Loving Pollux as much as we did, we were prepared for a summer sans pets. (Some of you may recall, we lost our beloved Labrador last year). But life hardly ever works out as you expect it to, which is probably a good thing. Days after we returned from Disney, this guy started showing up at our back door.

GINGER
“GINGER”

He was hungry and not shy about letting us know. He was also covered in ticks and fleas, poor guy. We fed him some tuna and immediately tried to find his owner. My girls put flyers in every mailbox in our neighborhood — and the one next to ours. I emailed all my neighbors to ask if they knew who he belonged to. Two people showed up thinking he was theirs, but it turned out to be a different cat each time. I took him to the vet for his first round of “deverminization.” No microchip.

After a month, I think it’s safe to say HE’S OURS. 😀

For a fun post from last February where I share pictures of Pollux and talk about Virtus and Fiery Edge of Steel, click here. And for another fun picture of Pollux lounging around with copies of Dark Light of Day and Fiery Edge of Steel, click here.

Hope everyone is having a nice Saturday!

Hemingway Home and Museum in Key West (a.k.a. the convergence of #cats and #books… pure bliss!)

Hemingway House

Last week, my husband and I went to Key West. I’d never been and it was terrific! Sort of “Hawaii meets New Orleans.” Duvall Street was as fun, crowded, colorful, and commercial as the French Quarter and the rest of the island was as beautiful, balmy, and restful as off-season Oahu.

My five favorite things: 1. Dinner at Louie’s Backyard (the back deck sits oceanfront, gorgeously lit with low lights at night; the menu and staff are equally impressive); 2. Breakfast at the Hot Tin Roof (the perfect spot for mimosas); 3. Ernest Hemingway’s house (pics below); 4. Biking/shopping on Duvall Street (mostly enjoyed the biking, but also loved peeking in the boutiques… the t-shirt shops I get enough of on the Jersey Shore); and 5. Watching the famous sunsets.

Flying into Key West... This wing's a bit bigger than the one I'm used to seeing out my window ;-)
Flying into Key West…
This wing’s a bit bigger than the one
I’m used to seeing out my window 😉
Hemingway Home and Museum
Hemingway Home and Museum

Ernest Hemingway, who wrote The Sun Also Rises, Farewell to Arms, For Whom the Bell Tolls, Old Man and the Sea, among many other novels, short stories, and poems, lived in the house from 1931 to 1940. The man (prolific writer, WWI ambulance driver, adventurer, ladies man, fisherman…), the house (built in 1851 on the second highest point in Key West by Asa Tift, a marine architect and salvage wrecker), and the cats (at least 45 of them were roaming around the grounds, all carrying the polydactyl gene) make this museum tour A MUST if you go to Key West.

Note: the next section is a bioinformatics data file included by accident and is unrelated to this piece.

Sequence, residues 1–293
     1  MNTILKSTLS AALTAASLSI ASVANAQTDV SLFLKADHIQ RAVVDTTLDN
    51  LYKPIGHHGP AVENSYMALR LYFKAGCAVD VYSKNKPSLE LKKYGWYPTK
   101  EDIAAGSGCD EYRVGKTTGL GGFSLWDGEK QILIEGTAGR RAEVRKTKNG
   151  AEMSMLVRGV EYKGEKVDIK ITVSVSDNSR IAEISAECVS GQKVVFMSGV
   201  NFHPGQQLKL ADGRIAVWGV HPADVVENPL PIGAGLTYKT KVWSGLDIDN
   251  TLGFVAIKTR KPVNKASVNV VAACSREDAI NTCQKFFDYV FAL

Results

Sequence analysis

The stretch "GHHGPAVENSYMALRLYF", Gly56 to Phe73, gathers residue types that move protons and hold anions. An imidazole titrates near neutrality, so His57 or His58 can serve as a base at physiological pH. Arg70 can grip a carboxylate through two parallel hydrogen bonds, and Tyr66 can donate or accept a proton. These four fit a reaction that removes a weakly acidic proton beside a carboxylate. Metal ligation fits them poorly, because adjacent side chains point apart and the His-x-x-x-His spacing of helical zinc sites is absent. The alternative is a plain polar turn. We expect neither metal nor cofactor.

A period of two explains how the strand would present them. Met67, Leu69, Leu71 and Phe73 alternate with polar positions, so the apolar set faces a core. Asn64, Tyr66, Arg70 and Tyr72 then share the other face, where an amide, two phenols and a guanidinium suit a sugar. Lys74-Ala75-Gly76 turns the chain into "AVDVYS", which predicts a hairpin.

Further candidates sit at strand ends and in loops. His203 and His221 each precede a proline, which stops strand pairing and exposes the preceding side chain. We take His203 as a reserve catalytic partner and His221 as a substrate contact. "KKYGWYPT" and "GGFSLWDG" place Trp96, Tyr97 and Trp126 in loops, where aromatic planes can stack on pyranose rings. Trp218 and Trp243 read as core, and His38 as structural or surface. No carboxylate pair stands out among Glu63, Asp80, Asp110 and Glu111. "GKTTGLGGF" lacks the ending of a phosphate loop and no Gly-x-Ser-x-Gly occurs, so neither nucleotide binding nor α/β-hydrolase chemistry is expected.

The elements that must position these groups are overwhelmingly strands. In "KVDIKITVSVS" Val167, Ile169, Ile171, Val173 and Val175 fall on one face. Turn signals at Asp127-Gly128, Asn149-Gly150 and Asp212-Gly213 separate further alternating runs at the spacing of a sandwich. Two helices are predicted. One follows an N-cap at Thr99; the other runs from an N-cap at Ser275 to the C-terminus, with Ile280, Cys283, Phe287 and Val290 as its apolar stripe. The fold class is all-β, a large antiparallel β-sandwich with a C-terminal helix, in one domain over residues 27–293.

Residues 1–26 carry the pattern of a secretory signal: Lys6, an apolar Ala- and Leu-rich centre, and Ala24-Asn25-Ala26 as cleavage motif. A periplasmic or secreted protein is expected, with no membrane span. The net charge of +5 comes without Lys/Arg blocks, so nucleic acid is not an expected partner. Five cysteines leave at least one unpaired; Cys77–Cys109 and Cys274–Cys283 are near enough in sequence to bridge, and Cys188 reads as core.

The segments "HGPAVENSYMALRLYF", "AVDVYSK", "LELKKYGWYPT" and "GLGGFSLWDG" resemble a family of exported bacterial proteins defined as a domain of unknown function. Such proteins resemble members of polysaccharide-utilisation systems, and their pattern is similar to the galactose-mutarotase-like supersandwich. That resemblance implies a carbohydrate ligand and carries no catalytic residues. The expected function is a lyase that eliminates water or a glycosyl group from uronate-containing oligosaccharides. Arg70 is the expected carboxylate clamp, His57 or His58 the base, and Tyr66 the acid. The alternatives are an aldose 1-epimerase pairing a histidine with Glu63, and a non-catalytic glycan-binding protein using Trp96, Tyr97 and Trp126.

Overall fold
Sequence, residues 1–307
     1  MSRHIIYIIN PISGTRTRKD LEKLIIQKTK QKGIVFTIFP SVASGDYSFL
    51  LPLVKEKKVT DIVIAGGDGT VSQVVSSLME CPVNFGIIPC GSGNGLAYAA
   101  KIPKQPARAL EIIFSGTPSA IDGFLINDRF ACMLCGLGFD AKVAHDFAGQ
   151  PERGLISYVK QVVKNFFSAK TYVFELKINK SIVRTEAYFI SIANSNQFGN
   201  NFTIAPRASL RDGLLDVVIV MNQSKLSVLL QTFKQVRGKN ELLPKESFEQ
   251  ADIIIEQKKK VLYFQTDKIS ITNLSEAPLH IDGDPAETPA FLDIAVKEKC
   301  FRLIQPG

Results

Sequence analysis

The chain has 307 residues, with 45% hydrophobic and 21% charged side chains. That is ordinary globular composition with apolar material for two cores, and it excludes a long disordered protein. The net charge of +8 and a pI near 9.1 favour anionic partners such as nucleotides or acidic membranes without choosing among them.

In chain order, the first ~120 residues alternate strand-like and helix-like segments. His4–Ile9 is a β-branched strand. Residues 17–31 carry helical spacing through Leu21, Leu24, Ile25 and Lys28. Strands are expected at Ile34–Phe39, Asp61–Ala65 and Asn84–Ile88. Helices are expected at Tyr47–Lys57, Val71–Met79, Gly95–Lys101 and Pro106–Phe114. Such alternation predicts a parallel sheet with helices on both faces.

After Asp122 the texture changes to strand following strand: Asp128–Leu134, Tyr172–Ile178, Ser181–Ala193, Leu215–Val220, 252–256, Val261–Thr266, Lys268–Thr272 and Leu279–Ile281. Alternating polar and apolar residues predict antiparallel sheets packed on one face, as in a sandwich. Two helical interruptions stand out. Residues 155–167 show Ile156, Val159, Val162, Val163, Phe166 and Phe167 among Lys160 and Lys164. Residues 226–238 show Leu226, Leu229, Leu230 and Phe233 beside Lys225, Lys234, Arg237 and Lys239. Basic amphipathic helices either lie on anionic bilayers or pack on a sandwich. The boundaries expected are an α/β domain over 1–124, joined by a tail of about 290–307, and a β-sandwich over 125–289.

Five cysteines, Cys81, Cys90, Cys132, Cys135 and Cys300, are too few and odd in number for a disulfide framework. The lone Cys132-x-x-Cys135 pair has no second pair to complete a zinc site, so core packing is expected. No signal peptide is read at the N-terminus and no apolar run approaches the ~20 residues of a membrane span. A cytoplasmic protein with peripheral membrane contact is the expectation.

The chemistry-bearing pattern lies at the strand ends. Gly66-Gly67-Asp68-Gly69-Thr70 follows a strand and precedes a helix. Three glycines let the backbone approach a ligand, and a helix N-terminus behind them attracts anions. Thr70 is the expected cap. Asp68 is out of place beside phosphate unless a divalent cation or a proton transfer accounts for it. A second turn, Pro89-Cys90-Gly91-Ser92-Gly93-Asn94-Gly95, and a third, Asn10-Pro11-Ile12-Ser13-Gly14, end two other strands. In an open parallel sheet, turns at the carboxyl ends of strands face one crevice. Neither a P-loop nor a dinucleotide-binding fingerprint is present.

The outside of Hemingway's writer's loft. Built above the garage and beside the pool. Wouldn't it be grand to write somewhere like this everyday?
The outside of Hemingway’s writer’s loft. Built above the garage and beside the pool. Wouldn’t it be grand to write somewhere like this every day?
The inside of the loft. The old fashioned typewriter and lack of air conditioning give me some comfort that I'm lucky enough with my little writing nook. :-)
The inside of the loft. The old-fashioned typewriter and lack of air conditioning give me some comfort that I’m lucky enough with my little writing nook. 🙂

Even if you’re not a cat lover, it’s hard not to be charmed by the cats. The whole herd of them is given free reign over the house and grounds. They are everywhere! They are looked after by a full-time staff and a vet visits them once a week to keep them on their toes. 😉

looks like he's wearing mittensPolydactyl CatSix Toed Cat

The Key West Lighthouse, which can be seen from the balcony outside of Hemingway's bedroom
The Key West Lighthouse, which can be seen from the balcony outside of Hemingway’s bedroom
Spent some time in the bookstore, of course, which is in the garage, right next to the pool.